The Medical Sciences Program in Bloomington is unique among the IU School of Medicine campuses in that it educates medical students seeking an MD as well as graduate and undergraduate students. Bloomington offers a Big 10 learning environment on an iconic campus.

With six major hospitals housing about 2000 beds, medical students in Evansville have access to physician educators in a range of medical specialties. An expanded residency program here will provide more than 100 new graduate medical education positions over the next few years.

The Fort Wayne campus offers clinical education in both rural and urban communities through two large hospital systems serving the region. A Student Research Fellowship Program offers med students nine weeks of summer research experience.

Students and faculty in Indianapolis benefit from close proximity to some of Indiana’s largest teaching hospitals and the Richard L. Roudebush Veterans Administration Medical Center. This campus offers medical education in the heart of one of the most progressive and economically healthy cities in the United States.

Muncie is the School’s only campus that’s located on hospital property, giving medical students a front-row four-year medical education with all the amenities that come with being located near the campus of Ball State University, a bustling college environment.

Located in a highly populated urban region just 25 miles from downtown Chicago, the Gary campus offers medical students unparalleled access to clinical care at 11 major teaching hospitals housing 2800 beds. An expanded residency program in Gary will accommodate more than 100 new graduate medical education positions.

IU School of Medicine-South Bend is located on the campus of Notre Dame, offering a rich campus life in a traditionally collegiate community. Students here gain clinical care experience at the Navari Student Outreach Clinic, and external funding for faculty research exceeds $2 million per year.

Known for its rural medical education program, IU School of Medicine-Terre Haute meets the increased need for physicians to serve rural communities throughout the state of Indiana and beyond. This unique four-year medical school program emphasizes primary care and other specialties of need in rural communities.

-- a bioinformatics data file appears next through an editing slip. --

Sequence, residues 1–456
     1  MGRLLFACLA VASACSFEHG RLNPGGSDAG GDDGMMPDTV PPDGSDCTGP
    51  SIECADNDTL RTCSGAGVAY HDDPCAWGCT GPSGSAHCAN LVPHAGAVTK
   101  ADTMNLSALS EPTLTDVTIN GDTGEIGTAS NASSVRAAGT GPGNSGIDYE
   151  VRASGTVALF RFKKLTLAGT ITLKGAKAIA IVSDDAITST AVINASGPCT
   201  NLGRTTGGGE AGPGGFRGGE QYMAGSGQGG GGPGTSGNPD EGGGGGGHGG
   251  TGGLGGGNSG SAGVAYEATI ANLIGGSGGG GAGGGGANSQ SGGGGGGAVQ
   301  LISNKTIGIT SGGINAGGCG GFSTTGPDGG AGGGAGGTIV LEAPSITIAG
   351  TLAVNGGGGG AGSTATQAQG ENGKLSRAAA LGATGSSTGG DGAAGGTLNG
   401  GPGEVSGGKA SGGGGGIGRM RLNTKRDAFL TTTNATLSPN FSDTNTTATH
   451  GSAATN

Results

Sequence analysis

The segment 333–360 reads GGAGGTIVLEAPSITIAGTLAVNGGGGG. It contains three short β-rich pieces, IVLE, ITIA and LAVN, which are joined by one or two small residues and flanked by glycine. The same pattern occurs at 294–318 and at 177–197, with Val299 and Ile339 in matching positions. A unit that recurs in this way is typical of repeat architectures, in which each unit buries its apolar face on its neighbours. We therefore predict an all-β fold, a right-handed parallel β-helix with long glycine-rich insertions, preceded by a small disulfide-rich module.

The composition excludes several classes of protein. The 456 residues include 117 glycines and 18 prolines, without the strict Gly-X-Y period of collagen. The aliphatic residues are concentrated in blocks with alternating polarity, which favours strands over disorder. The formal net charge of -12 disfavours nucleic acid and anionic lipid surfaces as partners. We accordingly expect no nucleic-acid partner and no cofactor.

Located on the campus of Purdue University, the West Lafayette campus offers a Big Ten campus atmosphere and opportunities to supplement the MD curriculum with research experience in the collaborative labs and research centers here. This IU School of Medicine campus offers on-campus housing to med students.

Medical Genomics


In accordance to the requirement by the Indiana CTSI for core services, the following service policies are reviewed and approved by the Center for Medical Genomics advisory committee.

The center will not release samples to anyone except the owner: PI or active member of his/her lab. Data generated will be reviewed by personnel in the center for quality-control purposes. Data will only be sent to the PI or a person he/she designates. Permission from the PI is required for release of remaining samples or data.

The center will use quality-control information from all experiments to track performance of the center and to inform future client investigators about the usability of a set of samples. The center may ask for information regarding RNA or DNA yields from tissues and permission to use this information for guidance with other investigators.